English Grammar: How to Use Adverbs

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How to Use Adverbs

At a first glance, adverbs seem as very simple elements of grammar. In most of the cases you just need to add –ly to the end of an adjective and you have your adverb ready. While it is very easy to form an adverb, it is not so easy to find a perfect place for an adverb in a sentence. This is where most of the students make mistakes. There are three positions that adverbs can take and we are going to discuss it further.

Adverbs are words that indicate where, when and how something happens. They are also used to modify adjectives, past participles, adverbial phrases and other adverbs. There are many different types of adverbs that perform various functions, such as adverbs of place, time, certainty, manner and connecting adverbs.

Different types of adverbs depending on their purpose and function can take different positions in a clause. An adverb can take a front, middle and end position. However, there is one rule that generally applies to all types of adverbs: do not place an adverb between a verb and its object. Rather place either before the verb and object or after them. For example:

I never drink coffee. (I drink never coffee.)

He draws portraits well. (He draws well portraits.)

Adverbs of the Front Position

There are particular kinds of adverbs that usually take front position in a clause, such as connecting, comment, frequency, certainty adverbs and some adverbs of place and time. Let’s look at them more closely.

Connecting adverbs are used to join one clause to what preceded it. The list includes such words as: then, next, anyway, however, suddenly, etc. For example:

Suddenly somebody screamed.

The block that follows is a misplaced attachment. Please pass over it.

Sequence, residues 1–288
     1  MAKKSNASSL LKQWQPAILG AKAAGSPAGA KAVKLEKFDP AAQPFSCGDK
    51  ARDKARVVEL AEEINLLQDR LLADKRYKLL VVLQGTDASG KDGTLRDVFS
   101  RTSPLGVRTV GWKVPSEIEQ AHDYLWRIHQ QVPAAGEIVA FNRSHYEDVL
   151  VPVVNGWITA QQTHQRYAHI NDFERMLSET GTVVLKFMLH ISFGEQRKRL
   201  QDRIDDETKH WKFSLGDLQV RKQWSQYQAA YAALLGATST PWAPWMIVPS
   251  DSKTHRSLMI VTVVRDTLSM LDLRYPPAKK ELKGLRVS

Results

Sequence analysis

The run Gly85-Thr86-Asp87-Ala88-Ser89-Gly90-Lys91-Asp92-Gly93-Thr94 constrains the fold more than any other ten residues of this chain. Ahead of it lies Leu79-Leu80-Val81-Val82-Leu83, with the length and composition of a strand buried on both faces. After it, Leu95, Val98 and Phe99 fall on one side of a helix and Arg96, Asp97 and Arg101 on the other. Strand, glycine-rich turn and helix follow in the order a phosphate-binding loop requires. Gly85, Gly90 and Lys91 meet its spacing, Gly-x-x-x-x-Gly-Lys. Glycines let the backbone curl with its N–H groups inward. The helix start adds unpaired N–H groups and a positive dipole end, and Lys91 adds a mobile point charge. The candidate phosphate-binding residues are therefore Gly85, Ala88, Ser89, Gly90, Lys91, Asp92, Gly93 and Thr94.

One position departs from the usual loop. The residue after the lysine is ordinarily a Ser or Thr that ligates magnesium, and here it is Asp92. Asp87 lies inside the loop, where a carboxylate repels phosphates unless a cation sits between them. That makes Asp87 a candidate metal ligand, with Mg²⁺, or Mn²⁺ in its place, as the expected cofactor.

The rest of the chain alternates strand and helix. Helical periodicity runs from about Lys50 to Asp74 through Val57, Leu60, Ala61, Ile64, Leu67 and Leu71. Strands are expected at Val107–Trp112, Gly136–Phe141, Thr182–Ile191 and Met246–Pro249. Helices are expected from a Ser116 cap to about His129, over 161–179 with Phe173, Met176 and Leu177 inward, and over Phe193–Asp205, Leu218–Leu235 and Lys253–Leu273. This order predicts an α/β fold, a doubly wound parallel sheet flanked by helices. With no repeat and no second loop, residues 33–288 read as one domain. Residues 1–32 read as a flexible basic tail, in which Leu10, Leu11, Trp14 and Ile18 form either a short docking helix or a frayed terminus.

Anyway I talked to the counselor.

However, he didn’t seem to like the present.

Comment adverbs are those that express the speaker’s opinion of some action or event are usually placed in the front. For example:

Unfortunately, the train was gone.

Surprisingly, he wasn’t angry at all.

Adverbs of indefinite frequency such as usually, normally, sometimes and others also take a front position. For example:

Sometimes I miss my home town.

Usually I drink my tea with milk in it.

Adverbs of certainty like perhaps, maybe, etc. For example:

Perhaps she was held late at work.

Maybe your parents were not at home when you called.

Adverbs of place and time are put in the front position if they are not the main focus of the sentence. For example:

There laid a large book bound in yellow leather.

Today she will leave to Japan.

Afterwards he didn’t know what to say to them.

Adverbs of the End Position

Many of adverbs take the end position in a clause. They include adverbs of manner, place and time. Moreover, if a clause contains all of the above types of adverbs at the same time, then they are placed in according order: manner, place and time. Some of adverbs of indefinite frequency in some cases also take the end position.

Adverbs of manner describe how a particular event or thing happens, occurs or is done. In most of the cases they are formed from adjectives: angrily, happily, beautifully, softly, etc. For example:

He shut the door angrily.

The nanny spoke to the kids softly.

Hold the knife carefully.

Adverbs of place are as a rule placed at the end of a clause, except of the case described before. For example:

Please, put all your notebooks here.

The food was already on the table.

Could you come downstairs?